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    Question 1/8

    Most people with psoriasis get psoriatic arthritis.

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    Answer 1/8

    Most people with psoriasis get psoriatic arthritis.

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    About a third of people who have psoriasis (red, raised, scaly patches on the skin) get psoriatic arthritis, a condition where your immune system attacks your joints. This kind of arthritis causes pain, stiffness, and swelling in joints, often in fingers and toes. It can also affect your lower back, wrists, knees, or ankles.

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    Question 2/8

    You're more likely to have psoriatic arthritis if:

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    Answer 2/8

    You're more likely to have psoriatic arthritis if:

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    Experts don't know all the reasons why some people get it and others don't, but the condition seems to run in families. Up to 40% of people with it have a family history of joint or skin disease. If you have a parent with psoriasis, you're more likely to get it and psoriatic arthritis, too.

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    Question 3/8

    A frozen bag of peas can ease your pain.

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    Answer 3/8

    A frozen bag of peas can ease your pain.

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    You don't have to eat them! Wrap the frozen bag (or a bag of ice) in a towel and put it on your achy, swollen joints for some temporary relief. The icy cold brings down inflammation.

    A warm bath or shower, a hot pack, or a warm towel can help with aching muscles, joint pain, and soreness.

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    Question 4/8

    The disease often causes problems with:

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    Answer 4/8

    The disease often causes problems with:

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    Crumbly or discolored nails are common with psoriatic arthritis. Sometimes, fingernails or toenails come away from the nail bed, or the nails look like they have tiny holes in them.

    People who have a lot of joint pain and skin patches tend to have the most damage to their nails.

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    Question 5/8

    How many types of psoriatic arthritis are there?

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    Answer 5/8

    How many types of psoriatic arthritis are there?

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    The condition can look different from person to person.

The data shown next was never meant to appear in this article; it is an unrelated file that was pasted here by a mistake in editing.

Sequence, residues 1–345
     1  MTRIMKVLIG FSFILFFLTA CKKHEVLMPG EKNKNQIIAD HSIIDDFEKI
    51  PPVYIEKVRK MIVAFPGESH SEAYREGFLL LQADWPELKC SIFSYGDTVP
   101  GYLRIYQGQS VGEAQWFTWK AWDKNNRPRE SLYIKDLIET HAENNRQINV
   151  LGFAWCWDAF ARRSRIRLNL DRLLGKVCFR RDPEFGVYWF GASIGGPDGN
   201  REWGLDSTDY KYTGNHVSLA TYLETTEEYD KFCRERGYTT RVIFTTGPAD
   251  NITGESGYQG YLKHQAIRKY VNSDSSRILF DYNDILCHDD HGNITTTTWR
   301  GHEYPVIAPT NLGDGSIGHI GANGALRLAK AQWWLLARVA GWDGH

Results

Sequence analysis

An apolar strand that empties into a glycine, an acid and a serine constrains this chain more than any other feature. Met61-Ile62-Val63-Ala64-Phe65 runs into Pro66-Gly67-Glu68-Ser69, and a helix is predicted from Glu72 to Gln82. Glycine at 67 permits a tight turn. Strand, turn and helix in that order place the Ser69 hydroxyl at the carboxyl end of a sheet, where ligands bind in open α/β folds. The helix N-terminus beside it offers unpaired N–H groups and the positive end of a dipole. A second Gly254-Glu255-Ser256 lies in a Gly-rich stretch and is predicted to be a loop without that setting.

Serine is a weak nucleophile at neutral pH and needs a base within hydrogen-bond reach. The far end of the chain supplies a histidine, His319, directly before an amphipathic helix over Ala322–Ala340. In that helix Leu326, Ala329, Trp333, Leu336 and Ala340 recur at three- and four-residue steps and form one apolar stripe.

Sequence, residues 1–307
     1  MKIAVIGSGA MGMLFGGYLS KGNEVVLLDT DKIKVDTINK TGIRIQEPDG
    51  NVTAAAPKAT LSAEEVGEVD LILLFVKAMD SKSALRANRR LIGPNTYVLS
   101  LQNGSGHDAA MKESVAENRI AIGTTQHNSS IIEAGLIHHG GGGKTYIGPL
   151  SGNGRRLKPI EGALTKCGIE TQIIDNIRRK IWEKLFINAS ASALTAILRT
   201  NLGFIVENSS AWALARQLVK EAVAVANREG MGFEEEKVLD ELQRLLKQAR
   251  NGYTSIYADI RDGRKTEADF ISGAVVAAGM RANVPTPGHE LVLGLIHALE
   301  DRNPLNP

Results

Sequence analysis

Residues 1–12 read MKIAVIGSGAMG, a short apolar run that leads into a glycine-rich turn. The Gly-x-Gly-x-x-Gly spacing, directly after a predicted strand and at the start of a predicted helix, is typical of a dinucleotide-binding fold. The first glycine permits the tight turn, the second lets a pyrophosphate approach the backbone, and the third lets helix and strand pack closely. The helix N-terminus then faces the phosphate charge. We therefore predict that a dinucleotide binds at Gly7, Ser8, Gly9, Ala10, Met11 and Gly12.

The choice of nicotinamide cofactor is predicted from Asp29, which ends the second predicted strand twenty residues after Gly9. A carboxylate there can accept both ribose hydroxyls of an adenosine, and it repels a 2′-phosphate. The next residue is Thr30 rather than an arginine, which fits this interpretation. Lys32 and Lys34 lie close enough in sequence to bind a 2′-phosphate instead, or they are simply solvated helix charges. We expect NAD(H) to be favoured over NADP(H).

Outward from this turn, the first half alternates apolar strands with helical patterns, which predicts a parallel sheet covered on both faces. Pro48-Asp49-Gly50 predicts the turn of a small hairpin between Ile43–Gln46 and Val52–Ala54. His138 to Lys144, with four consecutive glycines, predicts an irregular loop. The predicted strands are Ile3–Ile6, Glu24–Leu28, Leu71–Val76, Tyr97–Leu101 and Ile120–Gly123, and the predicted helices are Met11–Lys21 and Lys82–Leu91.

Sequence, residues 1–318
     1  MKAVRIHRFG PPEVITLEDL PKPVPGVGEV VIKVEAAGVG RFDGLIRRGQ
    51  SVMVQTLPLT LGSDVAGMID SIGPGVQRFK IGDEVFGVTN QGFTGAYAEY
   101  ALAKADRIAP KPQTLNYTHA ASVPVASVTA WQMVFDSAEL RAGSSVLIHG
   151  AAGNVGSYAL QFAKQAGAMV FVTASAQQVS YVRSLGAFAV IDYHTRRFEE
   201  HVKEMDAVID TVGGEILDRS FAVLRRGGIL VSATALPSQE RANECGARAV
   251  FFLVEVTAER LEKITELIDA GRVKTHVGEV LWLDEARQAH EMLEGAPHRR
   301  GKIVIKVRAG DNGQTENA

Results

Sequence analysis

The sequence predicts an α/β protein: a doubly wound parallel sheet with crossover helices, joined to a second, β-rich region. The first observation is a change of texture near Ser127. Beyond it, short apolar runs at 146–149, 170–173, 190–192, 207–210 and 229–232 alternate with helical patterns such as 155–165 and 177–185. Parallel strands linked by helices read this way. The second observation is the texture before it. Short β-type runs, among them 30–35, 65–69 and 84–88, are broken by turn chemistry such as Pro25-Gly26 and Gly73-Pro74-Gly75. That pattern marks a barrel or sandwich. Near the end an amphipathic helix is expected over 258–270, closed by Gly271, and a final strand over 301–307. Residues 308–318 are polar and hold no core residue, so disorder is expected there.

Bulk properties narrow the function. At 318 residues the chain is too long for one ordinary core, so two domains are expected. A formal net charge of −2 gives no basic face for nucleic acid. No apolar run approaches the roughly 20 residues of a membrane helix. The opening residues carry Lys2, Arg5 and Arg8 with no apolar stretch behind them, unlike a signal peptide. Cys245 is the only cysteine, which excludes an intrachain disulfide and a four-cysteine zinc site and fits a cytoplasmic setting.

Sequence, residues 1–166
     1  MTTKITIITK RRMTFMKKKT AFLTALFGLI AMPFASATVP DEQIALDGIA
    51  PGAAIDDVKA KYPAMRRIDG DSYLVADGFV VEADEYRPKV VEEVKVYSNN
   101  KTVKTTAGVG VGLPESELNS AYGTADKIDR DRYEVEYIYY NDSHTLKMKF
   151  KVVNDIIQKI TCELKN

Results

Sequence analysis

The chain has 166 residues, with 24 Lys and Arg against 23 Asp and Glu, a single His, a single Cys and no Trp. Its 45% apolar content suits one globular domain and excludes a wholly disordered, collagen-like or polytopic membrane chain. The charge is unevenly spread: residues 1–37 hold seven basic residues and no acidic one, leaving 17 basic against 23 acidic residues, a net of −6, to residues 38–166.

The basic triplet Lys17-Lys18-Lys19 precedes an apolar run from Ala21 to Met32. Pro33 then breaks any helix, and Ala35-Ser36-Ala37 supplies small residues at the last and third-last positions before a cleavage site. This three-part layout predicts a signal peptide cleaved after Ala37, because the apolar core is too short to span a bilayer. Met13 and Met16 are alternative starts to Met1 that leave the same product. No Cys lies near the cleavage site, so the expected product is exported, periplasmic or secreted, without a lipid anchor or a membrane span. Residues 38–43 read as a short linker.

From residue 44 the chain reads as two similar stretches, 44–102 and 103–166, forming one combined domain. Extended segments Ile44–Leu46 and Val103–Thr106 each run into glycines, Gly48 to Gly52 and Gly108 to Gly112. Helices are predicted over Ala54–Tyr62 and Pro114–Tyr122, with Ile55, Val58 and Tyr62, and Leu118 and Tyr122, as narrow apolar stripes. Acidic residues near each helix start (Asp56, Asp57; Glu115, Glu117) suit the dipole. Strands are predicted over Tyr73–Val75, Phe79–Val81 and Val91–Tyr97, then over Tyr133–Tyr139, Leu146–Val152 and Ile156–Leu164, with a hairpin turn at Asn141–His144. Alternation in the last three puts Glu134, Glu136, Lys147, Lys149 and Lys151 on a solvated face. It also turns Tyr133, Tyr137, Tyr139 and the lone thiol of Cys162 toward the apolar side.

One mild form affects five or more joints in pairs on both sides of your body, like both knees or both elbows.

    The other mild type can show up anywhere, usually in just a few joints. It could make fingers and toes swell up like sausages.

    Another kind of psoriatic arthritis mainly affects the ends of fingers or toes, including nails.

    The fourth type inflames the spine and makes moving painful and difficult.

    The last type, called arthritis mutilans, is the rarest. It can damage fingers and toes so badly that they don't work, and it often causes neck and lower back pain, too.

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    Question 6/8

    Which usually comes first?

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    Answer 6/8

    Which usually comes first?

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    Usually, people who get psoriatic arthritis already have psoriasis. If you have this skin condition, tell your doctor about any aches and pains.

    Symptoms of psoriatic arthritis can include stiffness, pain, throbbing, swelling and tenderness in joints, swollen fingers and toes, and even redness and pain in your eye. Early treatment can limit the damage it causes.

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    Question 7/8

    What's the best exercise for psoriatic arthritis?

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    Answer 7/8

    What's the best exercise for psoriatic arthritis?

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    Regular exercise can help with pain and make it easier for you to move. Exercise helps protect your joints by making the muscles around them stronger.

    Choose activities that are gentle on joints, like cycling and swimming. If you're not active now, go slow at first and get your doctor's OK. You can start with 5 minutes of easy walking and work your way up to 30 brisk minutes a day, most days of the week.

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    Question 8/8

    You can get rid of psoriatic arthritis.

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    Answer 8/8

    You can get rid of psoriatic arthritis.

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    While there's no cure, you can treat the pain, swelling, skin problems, and joint disease. That, plus exercise and a healthy lifestyle, makes a big difference. Your doctor might suggest aspirin and ibuprofen. If your symptoms are more severe, he might give you a prescription for drugs that lessen inflammation or work on your immune system.

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